When Nolan Carroll gets home after a long day, the Dolphins cornerback is like the rest of us — he just wants a place to stretch out and relax.
Of course, there is one major difference. Carroll doesn’t collapse onto a loveseat or Barcalounger.
He slips on a gas mask and crawls into his hyperbaric chamber — a futuristic cross between a space pod and coffin — where he naps for hours at a time.
Carroll is one of several Dolphins players who owns a chamber, an oxygen-pumping tube believed to speed the healing process.
“The more I use it, the better my body feels,” Carroll said. “Every time we’re at practice, it [feels] like the first day.”
Once viewed with a jaundiced eye, the use of hyperbaric oxygen therapy is apparently here to stay.
It’s just one of several recent advancements to sports medicine that have sliced injury rehabilitation times to levels previously thought impossible.
The evidence is everywhere. The Dolphins, in particular, are in the midst of their healthiest season in recent history.
Talking about a team’s health is sort of like mentioning a perfect game to pitcher while it’s in progress. Bring it up to Dolphins head athletic trainer Kevin O’Neill, on the job for the past 17 seasons, and he’s quick to cross himself.
Dr. Bryson Lesniak of the UM Health Sports Medicine program — who is not affiliated with the Dolphins organization — acknowledges a certain amount of luck is involved. Certain injuries are unavoidable. But he also believes the trend is a reflection of breakthroughs in prevention and treatment.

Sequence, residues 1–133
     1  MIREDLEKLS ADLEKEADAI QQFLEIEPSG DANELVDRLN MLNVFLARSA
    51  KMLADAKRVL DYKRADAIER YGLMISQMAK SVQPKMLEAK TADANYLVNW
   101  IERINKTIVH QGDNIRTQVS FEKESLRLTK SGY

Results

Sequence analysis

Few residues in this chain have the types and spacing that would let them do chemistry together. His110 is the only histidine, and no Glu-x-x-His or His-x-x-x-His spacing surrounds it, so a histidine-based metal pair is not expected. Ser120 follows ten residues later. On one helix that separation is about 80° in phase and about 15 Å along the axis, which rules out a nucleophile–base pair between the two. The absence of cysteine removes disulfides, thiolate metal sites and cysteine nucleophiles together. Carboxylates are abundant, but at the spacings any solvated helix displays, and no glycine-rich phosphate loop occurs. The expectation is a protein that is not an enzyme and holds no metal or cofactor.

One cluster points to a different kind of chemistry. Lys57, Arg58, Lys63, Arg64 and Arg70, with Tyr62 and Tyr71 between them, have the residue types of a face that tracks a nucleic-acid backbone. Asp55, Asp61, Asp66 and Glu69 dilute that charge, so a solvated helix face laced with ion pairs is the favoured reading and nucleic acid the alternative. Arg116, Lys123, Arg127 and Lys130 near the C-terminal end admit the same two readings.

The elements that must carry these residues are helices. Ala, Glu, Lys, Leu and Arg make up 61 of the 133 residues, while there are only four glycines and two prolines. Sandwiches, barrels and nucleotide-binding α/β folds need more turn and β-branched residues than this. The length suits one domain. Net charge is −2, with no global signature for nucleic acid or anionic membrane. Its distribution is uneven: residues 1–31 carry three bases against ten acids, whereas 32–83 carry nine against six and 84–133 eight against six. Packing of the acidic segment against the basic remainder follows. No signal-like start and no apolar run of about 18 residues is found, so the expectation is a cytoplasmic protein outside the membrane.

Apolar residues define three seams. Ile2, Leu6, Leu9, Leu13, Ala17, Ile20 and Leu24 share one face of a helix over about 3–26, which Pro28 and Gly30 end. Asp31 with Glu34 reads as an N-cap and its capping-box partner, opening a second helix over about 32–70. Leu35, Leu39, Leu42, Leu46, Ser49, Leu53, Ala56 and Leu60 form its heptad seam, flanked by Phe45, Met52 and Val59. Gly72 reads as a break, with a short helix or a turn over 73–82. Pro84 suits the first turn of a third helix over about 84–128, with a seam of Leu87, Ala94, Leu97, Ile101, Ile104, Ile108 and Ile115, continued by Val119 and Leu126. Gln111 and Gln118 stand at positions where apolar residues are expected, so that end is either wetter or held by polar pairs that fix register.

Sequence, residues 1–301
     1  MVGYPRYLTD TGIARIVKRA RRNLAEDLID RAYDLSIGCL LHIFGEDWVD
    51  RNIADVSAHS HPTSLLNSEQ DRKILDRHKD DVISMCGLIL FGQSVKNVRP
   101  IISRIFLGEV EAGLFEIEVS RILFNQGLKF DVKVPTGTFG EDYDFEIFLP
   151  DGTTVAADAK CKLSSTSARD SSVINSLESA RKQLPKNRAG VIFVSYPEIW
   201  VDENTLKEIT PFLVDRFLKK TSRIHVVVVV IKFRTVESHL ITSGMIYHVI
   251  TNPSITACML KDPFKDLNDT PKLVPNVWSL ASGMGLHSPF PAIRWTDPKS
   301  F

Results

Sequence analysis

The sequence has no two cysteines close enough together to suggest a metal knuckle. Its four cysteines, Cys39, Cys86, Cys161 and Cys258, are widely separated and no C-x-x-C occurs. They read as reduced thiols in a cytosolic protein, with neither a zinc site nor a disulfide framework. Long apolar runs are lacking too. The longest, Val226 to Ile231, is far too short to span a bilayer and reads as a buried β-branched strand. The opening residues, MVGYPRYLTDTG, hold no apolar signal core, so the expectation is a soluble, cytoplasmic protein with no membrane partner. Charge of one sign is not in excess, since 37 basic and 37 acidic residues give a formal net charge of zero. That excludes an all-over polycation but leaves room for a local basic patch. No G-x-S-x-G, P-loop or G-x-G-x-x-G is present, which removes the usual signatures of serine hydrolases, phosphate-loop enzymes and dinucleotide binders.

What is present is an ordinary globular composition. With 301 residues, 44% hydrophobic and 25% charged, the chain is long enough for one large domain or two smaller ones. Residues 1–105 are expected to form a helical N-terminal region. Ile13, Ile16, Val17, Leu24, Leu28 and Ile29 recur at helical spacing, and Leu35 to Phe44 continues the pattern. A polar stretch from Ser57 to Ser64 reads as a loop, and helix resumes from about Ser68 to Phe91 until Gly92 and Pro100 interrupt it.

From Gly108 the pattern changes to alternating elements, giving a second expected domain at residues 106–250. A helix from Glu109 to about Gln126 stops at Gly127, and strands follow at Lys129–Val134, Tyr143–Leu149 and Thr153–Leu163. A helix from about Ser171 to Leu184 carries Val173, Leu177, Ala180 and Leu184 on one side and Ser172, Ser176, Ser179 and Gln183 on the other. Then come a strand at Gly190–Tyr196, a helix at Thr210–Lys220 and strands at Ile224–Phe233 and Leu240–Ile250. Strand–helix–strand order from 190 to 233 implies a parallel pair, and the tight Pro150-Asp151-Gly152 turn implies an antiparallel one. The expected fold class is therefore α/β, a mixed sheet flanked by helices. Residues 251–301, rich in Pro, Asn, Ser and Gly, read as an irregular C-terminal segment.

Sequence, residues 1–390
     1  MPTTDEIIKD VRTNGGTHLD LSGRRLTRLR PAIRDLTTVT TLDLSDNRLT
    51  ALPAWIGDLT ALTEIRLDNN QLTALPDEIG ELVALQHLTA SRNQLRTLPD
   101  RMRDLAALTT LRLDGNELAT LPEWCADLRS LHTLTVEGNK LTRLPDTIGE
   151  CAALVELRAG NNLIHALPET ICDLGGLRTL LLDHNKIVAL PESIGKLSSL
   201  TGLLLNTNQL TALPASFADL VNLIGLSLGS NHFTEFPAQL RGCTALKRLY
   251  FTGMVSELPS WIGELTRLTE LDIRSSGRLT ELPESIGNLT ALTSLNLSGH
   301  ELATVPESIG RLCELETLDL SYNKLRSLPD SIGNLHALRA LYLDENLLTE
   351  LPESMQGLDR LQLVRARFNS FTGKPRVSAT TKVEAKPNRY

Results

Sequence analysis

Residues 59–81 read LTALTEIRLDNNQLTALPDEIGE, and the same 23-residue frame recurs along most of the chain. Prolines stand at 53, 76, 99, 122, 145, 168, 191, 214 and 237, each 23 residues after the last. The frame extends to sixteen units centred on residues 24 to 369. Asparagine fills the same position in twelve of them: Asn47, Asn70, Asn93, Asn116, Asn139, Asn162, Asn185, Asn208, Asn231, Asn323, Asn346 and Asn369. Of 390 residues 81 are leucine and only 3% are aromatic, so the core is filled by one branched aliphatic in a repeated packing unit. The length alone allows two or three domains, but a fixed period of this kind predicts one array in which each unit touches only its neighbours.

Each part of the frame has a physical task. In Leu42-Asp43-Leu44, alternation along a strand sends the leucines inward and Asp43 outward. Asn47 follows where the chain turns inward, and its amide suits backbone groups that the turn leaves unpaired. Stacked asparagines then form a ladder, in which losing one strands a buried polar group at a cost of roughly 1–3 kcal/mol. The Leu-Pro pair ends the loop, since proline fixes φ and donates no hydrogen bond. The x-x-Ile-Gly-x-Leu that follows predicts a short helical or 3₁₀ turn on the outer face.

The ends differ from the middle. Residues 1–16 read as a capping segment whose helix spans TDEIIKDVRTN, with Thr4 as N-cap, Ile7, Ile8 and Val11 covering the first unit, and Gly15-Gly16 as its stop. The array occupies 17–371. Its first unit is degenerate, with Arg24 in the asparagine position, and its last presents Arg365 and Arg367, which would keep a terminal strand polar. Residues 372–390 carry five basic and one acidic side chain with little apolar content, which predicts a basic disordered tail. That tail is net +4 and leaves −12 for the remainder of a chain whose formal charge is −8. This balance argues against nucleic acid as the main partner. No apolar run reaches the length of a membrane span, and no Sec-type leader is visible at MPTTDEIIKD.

“There are a lot of things that they’re doing behind the scenes that certainly are a large component of maintaining athlete health,” Lesniak said.
“With proper recognition of injuries when they happen, with immediate attention to them, and things athletes are doing before, during and after workouts, the return to play is more rapid than ever before.”
A perfect example is Terrell Suggs, a linebacker for the Baltimore Ravens who could get back on the field this week, just five months after undergoing surgery for a torn Achilles’ tendon. That injury previously required a yearlong rehab.
Suggs elected to have an innovative procedure intended to accelerate the recovery process, and it seems to have worked. Furthermore, researchers have found that instead of immobilizing a reconstructed ligament or tendon, the mending joints actually benefit from passive motion, Lesniak said.
In 2009, former Steelers receiver Hines Ward was able to play in Super Bowl XLIII just two weeks after spraining the medial collateral ligament of his right knee. Ward elected to receive a platelet-rich plasma injection, a new treatment many believe stimulates the healing of bone and soft tissue.
And Peyton Manning underwent a controversial stem-cell procedure for his neck injury in September 2011. The treatment, which used Manning’s own fat cells to regenerate nerves around his neck, is not legal in the United States, so he had it done in Europe. The therapy’s effectiveness is still up for debate, Lesniak said, and apparently did Manning little good, as he still missed all of 2011.
The Dolphins have made news by what hasn’t happened. They have placed just one starter on the season-ending injured reserve list through the first seven weeks of the season.